Variations of sediment grain size, k, kARM/k and NRM inclination within the 1,510-cm thick hyperpycnite from core MD99-2222 are illustrated in Figure 3. The evolution of sediment grain size with depth is the most sensitive parameter to define the RDL boundaries. All four indicators follow a parallel evolution which confirms the characteristics reported by Tanty et al. (2016) from other turbidites. Coarsest sediment and magnetic particles occur at the base of the event, while the NRM inclination deviates by up to ∼60° from the inclination of the geocentric axial dipole (GAD) at the site.
FIGURE 3. Sedimentological and physical properties of the RDL1 event from core MD99-2222 (St-Onge et al., 2004). Red curves were obtained by singular spectrum analysis (SPA). The maximum amplitude changes in inclinations and grain sizes were calculated from the SPA results and are shown by blue arrows. Green line in the inclination represents the geocentric axial dipole (GAD) value. The grey zone represents a normal period of sedimentation before the RDL1 deposition.
Coherent features between rapidly deposited layers
Using this extended database, we can investigate further the relationship between magnetic parameters and RDL that was reported by Tanty et al. (2016). Typical parallel evolutions of the NRM inclination and kARM/k within an RDL event are shown in Figure 3. We selected RDL 1 due to its thickness; similar features describe all events as seen in supplementary material. Singular spectrum analysis (Vautard and Ghil, 1989) was used to obtain inclinations and kARM/k trends for all RDL events from core MD99-2222 (red lines in Figure 3). Inclination variations, from 20° to 80°, correlate with the decreasing grain size trend, from coarsest at the bottom to finest at the top. Superimposed to this trend, inclination shows high-frequency large-amplitude fluctuations that do not occur in grain size. These fluctuations likely result from turbulent conditions that affected the alignment of the magnetic grains in the Earth’s magnetic field. Turbulence is expected to strongly affect the orientation of suspended particles, especially larger ones (Heslop, 2007), but not the grain size dependence of the mean settling velocity, which is responsible for graded bedding.
We first scrutinized the inclination changes within each event and defined the amplitude of inclination changes from the results of singular spectrum analysis as ΔI = Imax − Imin (Figure 3). Inclination changes within each RDL sequence, including those studied by Tanty et al. (2016), depends logarithmically on the sequence thickness (Figure 4). The 1,510 cm thick turbidite, which is much larger than all other events, has been excluded from this comparison. The best-fit logarithmic curve (Figure 4, black curve with shaded confidence interval) is the best fit obtained using a simulated annealing and bootstrap estimator (Efron and Tibshirani, 1986). The observed relation between ΔI and thickness differs from the linear curve that was previously reported by Tanty et al. (2016), probably because of the larger number of data. Except for the smallest turbidite from Tanty et al. (2016) and one turbidite from MD9-2222, all other RDL lie within the confidence interval. We note that the turbiditic or hyperpycnite nature of the RDL does not seem to influence the logarithmic trend shown in Figure 4.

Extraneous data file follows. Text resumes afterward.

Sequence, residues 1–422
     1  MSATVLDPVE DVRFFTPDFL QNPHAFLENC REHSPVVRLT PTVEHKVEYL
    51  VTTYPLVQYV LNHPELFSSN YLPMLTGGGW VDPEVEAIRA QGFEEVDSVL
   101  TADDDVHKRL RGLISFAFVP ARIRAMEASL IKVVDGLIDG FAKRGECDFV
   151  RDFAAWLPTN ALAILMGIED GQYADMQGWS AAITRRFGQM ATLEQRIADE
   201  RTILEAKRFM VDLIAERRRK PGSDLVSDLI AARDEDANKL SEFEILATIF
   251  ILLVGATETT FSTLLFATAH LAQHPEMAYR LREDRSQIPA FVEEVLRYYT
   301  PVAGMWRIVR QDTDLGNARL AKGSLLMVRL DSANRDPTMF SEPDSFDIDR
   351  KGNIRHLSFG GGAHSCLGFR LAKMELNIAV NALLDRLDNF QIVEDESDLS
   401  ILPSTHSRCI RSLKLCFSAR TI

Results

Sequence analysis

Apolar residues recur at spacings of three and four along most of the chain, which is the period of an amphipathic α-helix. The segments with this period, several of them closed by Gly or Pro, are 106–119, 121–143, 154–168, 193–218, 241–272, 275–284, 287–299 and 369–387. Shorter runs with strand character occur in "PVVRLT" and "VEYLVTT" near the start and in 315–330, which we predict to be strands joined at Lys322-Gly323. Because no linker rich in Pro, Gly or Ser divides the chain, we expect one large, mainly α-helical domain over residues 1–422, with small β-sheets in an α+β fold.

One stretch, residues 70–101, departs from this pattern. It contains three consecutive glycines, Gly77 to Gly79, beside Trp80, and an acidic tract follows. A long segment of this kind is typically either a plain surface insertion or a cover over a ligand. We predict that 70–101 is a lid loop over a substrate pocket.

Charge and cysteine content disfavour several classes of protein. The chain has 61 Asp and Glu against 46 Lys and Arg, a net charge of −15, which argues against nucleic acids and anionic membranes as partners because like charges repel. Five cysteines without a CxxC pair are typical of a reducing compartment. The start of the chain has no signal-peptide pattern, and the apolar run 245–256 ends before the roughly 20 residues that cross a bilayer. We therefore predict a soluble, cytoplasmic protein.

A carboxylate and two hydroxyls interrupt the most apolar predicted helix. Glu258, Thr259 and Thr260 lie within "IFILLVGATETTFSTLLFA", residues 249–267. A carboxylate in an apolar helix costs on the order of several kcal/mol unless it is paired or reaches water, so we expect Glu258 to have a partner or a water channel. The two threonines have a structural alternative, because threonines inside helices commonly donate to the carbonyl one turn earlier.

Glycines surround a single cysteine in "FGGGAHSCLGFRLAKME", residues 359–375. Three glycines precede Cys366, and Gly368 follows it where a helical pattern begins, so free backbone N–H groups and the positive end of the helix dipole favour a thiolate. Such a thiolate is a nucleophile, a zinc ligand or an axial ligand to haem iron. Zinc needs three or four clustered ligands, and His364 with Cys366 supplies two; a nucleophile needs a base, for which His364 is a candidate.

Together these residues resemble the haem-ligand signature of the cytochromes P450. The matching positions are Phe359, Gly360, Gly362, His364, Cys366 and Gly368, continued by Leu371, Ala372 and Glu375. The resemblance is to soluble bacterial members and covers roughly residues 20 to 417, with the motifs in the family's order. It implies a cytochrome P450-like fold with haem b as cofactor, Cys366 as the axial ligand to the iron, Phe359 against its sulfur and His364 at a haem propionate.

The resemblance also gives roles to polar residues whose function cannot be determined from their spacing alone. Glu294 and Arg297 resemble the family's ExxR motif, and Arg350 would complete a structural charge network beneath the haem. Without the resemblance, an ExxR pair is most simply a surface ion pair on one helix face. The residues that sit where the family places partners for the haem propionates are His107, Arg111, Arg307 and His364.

FIGURE 4. Amplitude of inclination changes within 16 RDLs as a function of their thickness. Black, red and pink closed circles are for turbidites, hyperpycnites and other RDLs from core MD99-2222, respectively. Green closed circles show the values of the four turbidites studied by Tanty et al. (2016).
Similarly, we investigated the relationship between the event thickness and the maximum amplitude ∆(kARM/k) of changes in the magnetic grain size proxy resulting from singular spectrum analysis (Figure 5). In this case, we were constrained to restrain the study to the 12 RDL events from core MD99-2222 because other field values were used by Tanty et al. (2016) to induce the ARMs. Also in this case, magnetic grain size changes depend logarithmically on the event thickness, as seen by the trend line obtained with the same annealing and bootstrap estimator used in Figure 4. All data points lie within the confidence interval except for a single hyperpycnite.
FIGURE 5. Amplitude of grain size changes within 12 RDLs as a function of their thickness. Black, red and pink closed circles are for turbidites, hyperpycnites and other RDLs from core MD99-2222, respectively.
For layers thinner than 0.5 m, the amplitude of inclination and magnetic grain size fluctuations are almost linearly correlated with the thickness of the event. For layers thicker than 0.5 m, the correlation becomes more evidently a logarithmic one. When plotted with respect to each other, the amplitudes of inclination and magnetic grain size changes are not linearly correlated, but follow again a logarithmic dependence (Figure 6). One turbidite and two hyperpycnite do not lie within the confidence interval.